water screening the charges between DNA and protein

Protein sliding along the DNA is assisted by uniform complementary electrostatic interactions between the positive protein and negative DNA as moderated by the intervening water, whereby the protein follows the helical pathway of the groove rather than jumping between the major groove and the more negative minor groove [1176c]. Where negative charges exist on the protein that create unfavorable binding electrostatics, the similar charges may be screened, as shown right. It is important that a balance of positive and negative charges exist to ensure that the binding is generally not too strong, so avoiding excessive binding friction except where required.

 

The organization of the hydration close to the DNA results in weaker hydrogen bonding further out at 5–15 Å that allow unusually rapid movement of these water molecules. The ease of displacement of this translationally mobile water by approaching proteins or ligands will be energetically favored and reduce the activation barrier for DNA surface. interactions [2448],

 

It has been (independently) proposed that the separation of DNA double helices is enabled by the formation of clathrate-like water structuring using its screening dipoles [1222], an idea that ties this basic life process to the ESreversible arrowCS equilibrium and its icosahedral water clusters.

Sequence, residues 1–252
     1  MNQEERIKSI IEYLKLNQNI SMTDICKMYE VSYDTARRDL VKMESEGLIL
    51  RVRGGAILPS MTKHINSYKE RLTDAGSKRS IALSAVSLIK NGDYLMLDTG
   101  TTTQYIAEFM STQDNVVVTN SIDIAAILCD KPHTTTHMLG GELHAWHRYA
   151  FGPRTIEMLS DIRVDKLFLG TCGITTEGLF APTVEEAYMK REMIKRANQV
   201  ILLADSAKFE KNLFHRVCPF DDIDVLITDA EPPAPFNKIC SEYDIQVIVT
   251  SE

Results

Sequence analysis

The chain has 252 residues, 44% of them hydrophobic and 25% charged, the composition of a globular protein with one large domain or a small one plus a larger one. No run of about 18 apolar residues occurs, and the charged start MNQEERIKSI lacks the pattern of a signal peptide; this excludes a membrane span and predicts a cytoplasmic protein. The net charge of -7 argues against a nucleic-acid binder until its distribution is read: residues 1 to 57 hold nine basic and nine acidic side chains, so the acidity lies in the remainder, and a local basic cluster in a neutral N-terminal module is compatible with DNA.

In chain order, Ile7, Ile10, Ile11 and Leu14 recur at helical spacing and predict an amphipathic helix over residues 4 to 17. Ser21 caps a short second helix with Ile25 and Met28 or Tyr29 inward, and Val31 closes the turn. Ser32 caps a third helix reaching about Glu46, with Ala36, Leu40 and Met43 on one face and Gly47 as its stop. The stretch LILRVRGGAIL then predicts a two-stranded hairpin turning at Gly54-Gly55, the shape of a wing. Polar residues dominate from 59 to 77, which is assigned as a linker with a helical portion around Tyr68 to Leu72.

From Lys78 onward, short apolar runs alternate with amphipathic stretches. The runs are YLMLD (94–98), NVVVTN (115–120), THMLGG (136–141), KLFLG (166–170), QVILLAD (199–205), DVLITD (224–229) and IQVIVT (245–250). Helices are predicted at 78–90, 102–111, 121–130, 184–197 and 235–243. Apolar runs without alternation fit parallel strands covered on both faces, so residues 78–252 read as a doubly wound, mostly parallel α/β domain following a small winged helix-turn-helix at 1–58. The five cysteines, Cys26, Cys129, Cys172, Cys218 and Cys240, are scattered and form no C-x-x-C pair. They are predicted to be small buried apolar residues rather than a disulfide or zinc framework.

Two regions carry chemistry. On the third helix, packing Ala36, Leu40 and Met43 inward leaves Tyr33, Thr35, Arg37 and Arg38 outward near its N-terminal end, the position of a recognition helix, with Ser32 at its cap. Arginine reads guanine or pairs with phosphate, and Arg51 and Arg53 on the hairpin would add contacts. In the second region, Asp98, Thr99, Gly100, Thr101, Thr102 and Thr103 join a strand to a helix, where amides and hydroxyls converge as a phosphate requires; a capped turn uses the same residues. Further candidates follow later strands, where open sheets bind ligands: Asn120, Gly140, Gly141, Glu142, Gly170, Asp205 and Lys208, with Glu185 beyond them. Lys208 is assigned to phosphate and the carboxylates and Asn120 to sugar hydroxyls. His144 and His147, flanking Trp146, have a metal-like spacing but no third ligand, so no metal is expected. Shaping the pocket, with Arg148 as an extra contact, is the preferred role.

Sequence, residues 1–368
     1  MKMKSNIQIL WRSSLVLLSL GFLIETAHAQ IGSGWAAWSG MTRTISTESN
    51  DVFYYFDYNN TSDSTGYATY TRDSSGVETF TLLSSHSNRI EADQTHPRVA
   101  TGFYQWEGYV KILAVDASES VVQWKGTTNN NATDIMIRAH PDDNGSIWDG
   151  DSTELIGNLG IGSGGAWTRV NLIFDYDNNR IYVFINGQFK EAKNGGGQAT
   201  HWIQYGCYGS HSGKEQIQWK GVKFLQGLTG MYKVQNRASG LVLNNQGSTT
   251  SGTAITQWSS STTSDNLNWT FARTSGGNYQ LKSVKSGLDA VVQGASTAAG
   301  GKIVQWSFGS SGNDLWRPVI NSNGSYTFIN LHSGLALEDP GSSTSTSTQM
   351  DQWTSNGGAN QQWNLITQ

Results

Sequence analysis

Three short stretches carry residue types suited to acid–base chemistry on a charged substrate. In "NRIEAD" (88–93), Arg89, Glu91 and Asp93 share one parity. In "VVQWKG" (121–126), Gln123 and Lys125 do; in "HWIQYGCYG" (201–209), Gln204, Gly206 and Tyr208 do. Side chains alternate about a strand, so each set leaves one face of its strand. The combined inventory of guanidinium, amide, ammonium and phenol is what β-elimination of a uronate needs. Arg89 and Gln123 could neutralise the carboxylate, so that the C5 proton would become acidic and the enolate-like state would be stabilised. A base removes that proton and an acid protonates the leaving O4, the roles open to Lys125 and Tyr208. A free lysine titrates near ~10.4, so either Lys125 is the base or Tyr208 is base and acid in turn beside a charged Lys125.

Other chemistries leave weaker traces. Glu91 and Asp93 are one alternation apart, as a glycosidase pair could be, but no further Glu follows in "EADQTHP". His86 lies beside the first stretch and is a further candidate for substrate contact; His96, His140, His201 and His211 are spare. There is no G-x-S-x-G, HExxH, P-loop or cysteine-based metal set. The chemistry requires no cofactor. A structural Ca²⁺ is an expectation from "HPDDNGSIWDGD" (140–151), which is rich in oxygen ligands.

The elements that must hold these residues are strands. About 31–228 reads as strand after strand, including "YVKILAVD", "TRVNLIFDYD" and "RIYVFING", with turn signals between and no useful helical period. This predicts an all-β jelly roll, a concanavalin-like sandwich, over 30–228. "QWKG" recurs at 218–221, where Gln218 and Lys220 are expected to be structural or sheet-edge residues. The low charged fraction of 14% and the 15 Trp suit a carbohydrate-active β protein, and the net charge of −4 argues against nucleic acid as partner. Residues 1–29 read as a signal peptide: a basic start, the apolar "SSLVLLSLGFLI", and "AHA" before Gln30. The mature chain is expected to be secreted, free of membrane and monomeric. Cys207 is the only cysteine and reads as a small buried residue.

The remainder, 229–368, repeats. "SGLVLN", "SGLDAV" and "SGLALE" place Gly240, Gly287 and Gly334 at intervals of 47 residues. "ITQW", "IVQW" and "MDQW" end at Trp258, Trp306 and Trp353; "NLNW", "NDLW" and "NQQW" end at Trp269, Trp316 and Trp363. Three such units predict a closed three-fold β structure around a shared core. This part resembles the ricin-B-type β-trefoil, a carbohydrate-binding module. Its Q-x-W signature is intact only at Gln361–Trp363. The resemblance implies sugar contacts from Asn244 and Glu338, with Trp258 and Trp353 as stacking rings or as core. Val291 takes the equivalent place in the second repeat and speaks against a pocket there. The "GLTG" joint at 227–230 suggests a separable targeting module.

Highly structured water molecules, with lengthy residence times, have been found to be essential for the structural dynamics and function of ribozymes [1106] (catalytically competent highly structured non-coding RNAs) where water communicates structural rearrangements in an analogous manner to its action around many proteins. [Back to Top to top of page]


Footnotes

a    Both methods have drawbacks. X-ray crystallography gives better resolution at lower hydration but the lower hydration will change the structure. Another disadvantage is its inability to define the orientation of water molecules. The results of molecular dynamics calculations are highly dependent on the methodology and force field used. [Back]

 

b    The ribose residue is a furan possessing a flexible (five-membered) ring with low energy barriers between a number of conformations. This encourages localized weak hydrogen bonding around its free 2'-hydroxyl group (for more details of this see the polysaccharide hydration section). [Back]

 

c    The entropy 3.6 kJ ˣ mol-1 for minor groove water may be compared with that of ice (6.0 kJ ˣ mol-; 0 °C), indicating that the minor groove water tends towards being ice-like. [Back]

 

d    Raman spectroscopy has shown the hydrogen bonds in the primary (inner) hydration shell are very strongly bound to the DNA and appear to be about 0.3 Å shorter than the hydrogen bonds in bulk water [2487]. [Back]